The International Police Organisation (Interpol), estimates that about 30 per cent of medicines imported into Africa including Ghana are either counterfeit or substandard.
Giving startling revelations about the drug situation in Ghana at a seminar organised by the FDB in Accra, Mr John Odame-Darkwa, deputy Chief Executive Officer of the Food and Drugs Board (FDB), said drugs commonly counterfeited included antibiotics, anti-malarials, anti-diabetics and aphrodisiacs.
Tuesday's seminar was organised by the FDB for members of the Association of Representatives of Ethical Pharmaceutical Industries (AREPI) on anti-counterfeiting and substandard pharmaceuticals.
Mr Darkwa said counterfeit and substandard drugs posed serious threats as it means therapeutic failure, adverse reaction, development of complications and sometimes death to patients.
The situation also decreases confidence in the country’s health system.
Additionally, he said a number of local herbal products were found to have been prepared with dangerous substances such as brake fluid, sawn dust and turpentine.
Mr Odame-Darkwa said producers of such herbal preparations had been faking registration numbers of the board to woo unsuspecting consumers.
Mr Odame-Darkwa said the business of drug counterfeiting was booming because companies involved were reaping high profits.
He noted that the country’s laws on deterrent penalties for such culprits were too flexible. Section 14 of the Food and Drugs Law, PNDC Law 305b states that any person who labels, packages, sells or advertises any product in a manner that is false, misleading or deceptive as regards its character, constitution,value, potency, quality, composition, merits or safety commits an offence and when convicted will serve not more than two years.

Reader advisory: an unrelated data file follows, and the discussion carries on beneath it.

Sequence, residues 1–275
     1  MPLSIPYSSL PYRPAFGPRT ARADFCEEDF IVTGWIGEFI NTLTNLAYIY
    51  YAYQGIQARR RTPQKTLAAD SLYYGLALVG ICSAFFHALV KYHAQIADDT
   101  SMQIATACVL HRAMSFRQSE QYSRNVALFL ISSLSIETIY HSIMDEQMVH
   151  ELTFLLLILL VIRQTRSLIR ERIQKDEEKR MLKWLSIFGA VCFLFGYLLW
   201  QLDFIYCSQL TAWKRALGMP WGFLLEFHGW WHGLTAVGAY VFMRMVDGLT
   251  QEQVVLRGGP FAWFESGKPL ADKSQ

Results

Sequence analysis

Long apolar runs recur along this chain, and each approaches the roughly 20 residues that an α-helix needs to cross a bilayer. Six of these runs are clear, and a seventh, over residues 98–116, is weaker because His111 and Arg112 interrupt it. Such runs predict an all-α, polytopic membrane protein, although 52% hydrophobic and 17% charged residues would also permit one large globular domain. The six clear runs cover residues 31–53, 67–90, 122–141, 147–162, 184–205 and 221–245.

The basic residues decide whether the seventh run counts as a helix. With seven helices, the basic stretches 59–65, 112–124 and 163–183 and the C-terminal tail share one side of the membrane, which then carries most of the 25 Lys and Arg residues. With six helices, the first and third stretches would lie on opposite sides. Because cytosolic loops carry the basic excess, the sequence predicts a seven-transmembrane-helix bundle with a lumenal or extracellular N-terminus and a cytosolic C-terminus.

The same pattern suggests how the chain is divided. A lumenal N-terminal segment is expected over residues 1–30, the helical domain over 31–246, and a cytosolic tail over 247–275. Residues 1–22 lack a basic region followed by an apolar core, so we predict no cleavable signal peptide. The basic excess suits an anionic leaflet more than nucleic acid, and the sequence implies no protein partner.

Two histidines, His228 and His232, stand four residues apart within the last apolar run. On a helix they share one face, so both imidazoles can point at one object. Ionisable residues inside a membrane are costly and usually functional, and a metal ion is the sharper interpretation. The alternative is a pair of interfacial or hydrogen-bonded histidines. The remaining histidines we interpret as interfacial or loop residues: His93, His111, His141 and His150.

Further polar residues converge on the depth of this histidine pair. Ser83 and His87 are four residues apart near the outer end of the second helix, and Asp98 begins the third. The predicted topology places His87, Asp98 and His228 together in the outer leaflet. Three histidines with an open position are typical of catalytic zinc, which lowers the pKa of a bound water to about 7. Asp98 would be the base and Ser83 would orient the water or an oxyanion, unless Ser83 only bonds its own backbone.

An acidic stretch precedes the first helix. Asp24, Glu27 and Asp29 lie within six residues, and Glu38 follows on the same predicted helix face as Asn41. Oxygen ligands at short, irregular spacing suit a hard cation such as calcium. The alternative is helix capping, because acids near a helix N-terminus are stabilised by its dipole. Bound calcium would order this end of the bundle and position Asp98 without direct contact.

Mr Odame-Darkwa said the surge in counterfeit medicines also endangered public health safety and posed a threat to global security since it could be a potential source of funding for terrorism.
The situation, according to him, was worsened by trade liberalisation policies which did not limit the number of brands or dealers for a particular product, multiple sourcing and parallel importations.
Other factors, he said, were the existence of illicit market for medicines breaching supply chain, weak surveillance on the country’s border posts coupled with poor oversight in neighbouring countries.
“Counterfeit medicines thrive on the existence of illicit markets and the lack of consumer awareness on the dangers associated with the use of counterfeit medicines. For this reason, there is a need for strong public awareness creation to sensitise consumers on the dangers of counterfeit medicinal products in order to minimise their patronage” he said.
To that end, Mr Odame-Darkwa stated that FDB was collaborating with international and regional agencies and security agencies to discharge its mandate of ensuring safe and good quality medicines on the Ghanaian market.
A representative of AREPI, Mr William Ofori, said there was an urgent need for strong advocacy with policy makers, consumer associations, opinion leaders and the media in educating the public on the menace of counterfeit medicines and the need to buy medicines from licensed sources.
He also underscored the need for the public to report any incidence of counterfeit medicine to the appropriate regulatory agency for necessary punitive measures to be taken.
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